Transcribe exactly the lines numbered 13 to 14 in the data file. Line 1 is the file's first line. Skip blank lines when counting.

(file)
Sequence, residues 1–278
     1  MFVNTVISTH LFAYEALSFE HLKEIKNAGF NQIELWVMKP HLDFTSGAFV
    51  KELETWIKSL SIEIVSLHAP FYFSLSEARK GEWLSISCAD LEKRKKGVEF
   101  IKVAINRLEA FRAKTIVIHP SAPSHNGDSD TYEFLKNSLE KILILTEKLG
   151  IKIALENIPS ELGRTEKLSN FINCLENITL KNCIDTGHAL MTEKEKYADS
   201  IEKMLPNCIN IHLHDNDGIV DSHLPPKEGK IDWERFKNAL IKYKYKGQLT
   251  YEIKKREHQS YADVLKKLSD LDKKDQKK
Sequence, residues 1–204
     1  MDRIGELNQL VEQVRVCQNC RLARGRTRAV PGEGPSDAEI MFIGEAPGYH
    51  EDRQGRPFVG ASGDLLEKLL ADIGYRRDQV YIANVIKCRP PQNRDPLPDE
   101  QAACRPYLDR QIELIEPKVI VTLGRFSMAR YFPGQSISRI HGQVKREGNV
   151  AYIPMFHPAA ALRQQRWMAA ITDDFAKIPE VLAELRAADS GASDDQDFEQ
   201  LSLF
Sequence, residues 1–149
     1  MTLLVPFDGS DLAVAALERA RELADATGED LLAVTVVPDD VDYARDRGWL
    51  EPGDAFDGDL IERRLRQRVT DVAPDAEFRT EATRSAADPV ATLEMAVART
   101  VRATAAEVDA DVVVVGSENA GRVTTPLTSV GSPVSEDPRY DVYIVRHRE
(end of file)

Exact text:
   201  LSLF
Sequence, residues 1–149